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Banks are paying big bucks for climate-related and sustainability expertise

The news: Top banks and investment firms are hiring climate scientists and sustainability experts for top dollar, per Business Insider.

What’s happening? Banks and financial institutions are now looking to make good on their big commitments to combat climate change. Many are scouting non-traditional talent pools—like climate scientists and sustainability specialists—to bring in expertise.

  • BlackRock hired a conservationist for its head of climate and sustainability research from a well-known conservation organization.
  • JPMorgan recently snagged a sustainability executive from a climate-change nonprofit.
  • Vanguard added a specialist with a PhD in atmospheric and environmental sciences to its investment stewardship team.

What’s driving it?

1. Big promises

  • U.S. Bank, in 2021, announced a 2025 goal for sourcing 100% renewable energy and a 2050 net-zero emissions date.
  • Standard Chartered set a 2050 target of net-zero financing, including a shorter timeframe for its most carbon-intensive sectors.
  • JPMorgan and BlackRock laid out a path to net-zero emissions by 2050.
  • Citi, Chase, and Wells Fargo became members of the Net Zero Banking Alliance and agreed to align their investment and lending portfolios with net-zero emissions by 2050.

2. Shareholder pressures and generational demands

  • In the UK, Barclays—the biggest fossil fuel financier in Europe—has been facing a months-long shareholder drive to ditch clients in the coal, gas, and oil industries.
  • US banks are being similarly pressured: Chase, Bank of America, Wells Fargo, and Citi have all received investor commentary on sustainability issues at this year’s annual meetings.
  • Younger generations are largely skewing toward sustainable investments. According to a Kearney survey, 18- to 24-year-olds are almost twice as likely to switch banks based on environmental, social, and governance (ESG) credentials than those aged 55 and older.

3. Stricter regulations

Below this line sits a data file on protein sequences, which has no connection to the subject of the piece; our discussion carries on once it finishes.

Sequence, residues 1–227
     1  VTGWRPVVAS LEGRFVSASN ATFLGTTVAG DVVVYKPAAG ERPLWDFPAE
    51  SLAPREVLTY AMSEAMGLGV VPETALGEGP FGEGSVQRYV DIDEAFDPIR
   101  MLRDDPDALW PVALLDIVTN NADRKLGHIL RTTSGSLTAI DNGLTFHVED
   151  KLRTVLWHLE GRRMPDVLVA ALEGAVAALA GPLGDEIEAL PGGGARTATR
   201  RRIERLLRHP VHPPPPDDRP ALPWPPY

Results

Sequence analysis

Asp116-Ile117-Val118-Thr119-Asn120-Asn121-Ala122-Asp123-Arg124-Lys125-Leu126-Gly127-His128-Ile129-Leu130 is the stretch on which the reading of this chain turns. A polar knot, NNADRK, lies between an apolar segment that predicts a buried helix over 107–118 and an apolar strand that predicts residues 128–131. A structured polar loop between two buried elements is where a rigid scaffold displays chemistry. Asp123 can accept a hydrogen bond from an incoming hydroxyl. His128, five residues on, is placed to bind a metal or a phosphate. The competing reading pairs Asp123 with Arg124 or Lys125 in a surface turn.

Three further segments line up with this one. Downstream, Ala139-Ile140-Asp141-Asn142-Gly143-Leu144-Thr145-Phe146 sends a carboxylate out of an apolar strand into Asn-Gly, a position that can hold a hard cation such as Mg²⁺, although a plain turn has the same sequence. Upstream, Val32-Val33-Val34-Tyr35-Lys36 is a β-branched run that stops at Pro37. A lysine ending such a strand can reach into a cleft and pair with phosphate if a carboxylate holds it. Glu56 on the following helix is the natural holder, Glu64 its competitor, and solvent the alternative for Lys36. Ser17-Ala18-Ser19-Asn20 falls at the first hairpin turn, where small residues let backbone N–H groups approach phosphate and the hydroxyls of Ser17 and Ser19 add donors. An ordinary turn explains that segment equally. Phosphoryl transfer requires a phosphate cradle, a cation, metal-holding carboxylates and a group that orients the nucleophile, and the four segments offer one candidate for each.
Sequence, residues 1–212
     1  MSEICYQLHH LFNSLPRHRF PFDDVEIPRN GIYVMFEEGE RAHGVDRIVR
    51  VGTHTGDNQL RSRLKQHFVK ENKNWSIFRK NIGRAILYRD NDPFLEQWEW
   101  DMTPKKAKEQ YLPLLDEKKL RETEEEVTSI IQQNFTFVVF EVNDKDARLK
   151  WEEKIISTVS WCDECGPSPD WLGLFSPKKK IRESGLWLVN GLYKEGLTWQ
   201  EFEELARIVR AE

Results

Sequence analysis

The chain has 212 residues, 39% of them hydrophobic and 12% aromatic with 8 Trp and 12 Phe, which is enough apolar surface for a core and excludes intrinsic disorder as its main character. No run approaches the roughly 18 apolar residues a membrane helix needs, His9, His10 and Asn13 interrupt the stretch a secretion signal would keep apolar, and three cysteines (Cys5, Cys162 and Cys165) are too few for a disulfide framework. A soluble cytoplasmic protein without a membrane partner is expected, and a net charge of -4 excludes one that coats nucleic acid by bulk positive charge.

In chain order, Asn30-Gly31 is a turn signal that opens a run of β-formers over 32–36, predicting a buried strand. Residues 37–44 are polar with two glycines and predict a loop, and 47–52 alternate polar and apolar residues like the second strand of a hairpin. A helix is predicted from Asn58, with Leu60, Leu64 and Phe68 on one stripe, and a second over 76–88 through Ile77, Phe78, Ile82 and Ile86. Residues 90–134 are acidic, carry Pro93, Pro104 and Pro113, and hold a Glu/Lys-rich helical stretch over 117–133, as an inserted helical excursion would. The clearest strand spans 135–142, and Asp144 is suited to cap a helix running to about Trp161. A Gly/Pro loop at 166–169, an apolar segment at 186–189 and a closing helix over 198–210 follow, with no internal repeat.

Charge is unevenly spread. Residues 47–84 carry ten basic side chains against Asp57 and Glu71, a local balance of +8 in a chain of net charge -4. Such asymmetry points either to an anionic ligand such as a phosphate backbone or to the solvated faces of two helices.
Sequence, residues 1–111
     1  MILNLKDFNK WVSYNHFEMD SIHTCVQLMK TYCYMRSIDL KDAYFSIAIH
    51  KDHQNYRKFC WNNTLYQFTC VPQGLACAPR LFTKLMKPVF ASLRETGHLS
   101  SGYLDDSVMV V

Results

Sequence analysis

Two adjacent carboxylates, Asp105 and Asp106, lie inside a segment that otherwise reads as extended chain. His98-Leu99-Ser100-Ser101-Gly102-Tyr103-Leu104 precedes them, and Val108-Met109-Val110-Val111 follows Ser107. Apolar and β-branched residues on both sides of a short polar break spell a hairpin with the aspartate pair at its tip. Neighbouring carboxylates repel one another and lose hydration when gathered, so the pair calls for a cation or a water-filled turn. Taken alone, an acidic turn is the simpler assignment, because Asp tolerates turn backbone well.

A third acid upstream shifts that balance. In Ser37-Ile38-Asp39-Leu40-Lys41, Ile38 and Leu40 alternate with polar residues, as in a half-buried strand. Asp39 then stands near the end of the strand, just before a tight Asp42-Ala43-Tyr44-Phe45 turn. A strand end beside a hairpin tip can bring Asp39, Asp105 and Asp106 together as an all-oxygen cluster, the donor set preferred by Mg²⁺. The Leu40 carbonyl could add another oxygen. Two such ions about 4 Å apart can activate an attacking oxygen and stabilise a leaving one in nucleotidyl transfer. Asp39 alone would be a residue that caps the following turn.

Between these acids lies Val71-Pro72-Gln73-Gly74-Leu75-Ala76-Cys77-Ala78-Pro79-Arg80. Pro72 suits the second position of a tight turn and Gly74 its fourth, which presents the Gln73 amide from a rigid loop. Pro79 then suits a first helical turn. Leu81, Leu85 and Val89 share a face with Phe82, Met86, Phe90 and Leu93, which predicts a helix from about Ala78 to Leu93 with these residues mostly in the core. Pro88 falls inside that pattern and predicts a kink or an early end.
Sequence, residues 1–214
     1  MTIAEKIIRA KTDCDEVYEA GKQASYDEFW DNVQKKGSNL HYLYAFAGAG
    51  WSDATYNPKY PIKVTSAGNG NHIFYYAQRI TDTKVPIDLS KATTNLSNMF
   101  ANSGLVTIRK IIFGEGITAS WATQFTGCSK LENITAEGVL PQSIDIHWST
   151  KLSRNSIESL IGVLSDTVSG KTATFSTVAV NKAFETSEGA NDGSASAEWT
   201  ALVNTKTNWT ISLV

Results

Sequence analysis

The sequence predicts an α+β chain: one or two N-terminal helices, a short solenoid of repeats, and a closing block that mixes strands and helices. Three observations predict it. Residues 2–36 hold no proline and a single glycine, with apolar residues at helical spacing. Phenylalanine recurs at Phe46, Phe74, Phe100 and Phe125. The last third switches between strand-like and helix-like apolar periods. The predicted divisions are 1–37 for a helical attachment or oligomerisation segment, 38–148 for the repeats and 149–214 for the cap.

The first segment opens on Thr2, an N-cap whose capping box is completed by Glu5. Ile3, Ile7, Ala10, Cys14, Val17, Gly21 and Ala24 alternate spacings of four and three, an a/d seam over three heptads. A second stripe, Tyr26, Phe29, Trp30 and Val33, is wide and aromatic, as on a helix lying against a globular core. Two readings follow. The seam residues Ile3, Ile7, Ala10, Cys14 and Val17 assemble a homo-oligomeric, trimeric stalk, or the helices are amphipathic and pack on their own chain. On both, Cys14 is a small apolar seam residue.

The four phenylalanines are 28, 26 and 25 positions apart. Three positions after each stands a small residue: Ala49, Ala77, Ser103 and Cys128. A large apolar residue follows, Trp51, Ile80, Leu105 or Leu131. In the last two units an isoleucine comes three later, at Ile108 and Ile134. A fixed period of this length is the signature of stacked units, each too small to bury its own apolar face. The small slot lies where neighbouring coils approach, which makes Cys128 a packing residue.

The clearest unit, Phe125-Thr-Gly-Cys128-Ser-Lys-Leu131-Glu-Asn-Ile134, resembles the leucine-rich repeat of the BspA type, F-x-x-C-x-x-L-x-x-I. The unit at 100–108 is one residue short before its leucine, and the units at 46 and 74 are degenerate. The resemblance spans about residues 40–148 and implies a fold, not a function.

• In the US, the Office of the Comptroller of the Currency (OCC) is working on preparedness principles for US banks to manage climate-related financial risks. And the Federal Reserve is developing a new stress test for banks and credit unions that will include environmental factors.
  • The UK government is establishing the Green Technical Advisory Group, which will devise a marketing framework for making claims about companies’ sustainability credentials.
  • In the EU, the European Parliament recently announced a new set of ESG rules for FIs mandating the accommodation of investors’ ESG preferences and providing guidance for avoiding greenwashing.

Will it work? ESG investing is poised for extraordinary growth, with an expected $9 trillion in new ESG AUM to arise between 2022 and 2025, and total AUM to surpass $50 trillion, per 2022 research from Bloomberg Intelligence.

  • But the lack of standard ESG definitions and guidelines is creating inconsistency in the implementation of ESG investing.
  • Adding climate and environmental specialists to banks’ and FIs’ staff can jumpstart the creation of coordinated guidelines to help reach the lofty goals.

These experts can influence business strategy at their firms, but they also should seize the opportunity to partner together and use their knowledge to create meaningful data collection practices and pathways to clean investing that all banks and FIs can implement.

Our take: Banks and FIs are not shying away from compensating these experts—some private equity firms are offering seven-figure salaries. Hopefully, financial services firms aren’t just hiring for optics to appease shareholders and to project an image of expertise within an extremely gray area. These well-compensated specialists need a seat at the decision-making table and must be empowered to make changes. If not, the banks and FIs are making a very costly and ill-intentioned PR move.

This article originally appeared in Insider Intelligence’s Banking Innovation Briefing—a daily recap of top stories reshaping the banking industry. Subscribe to have more hard-hitting takeaways delivered to your inbox daily.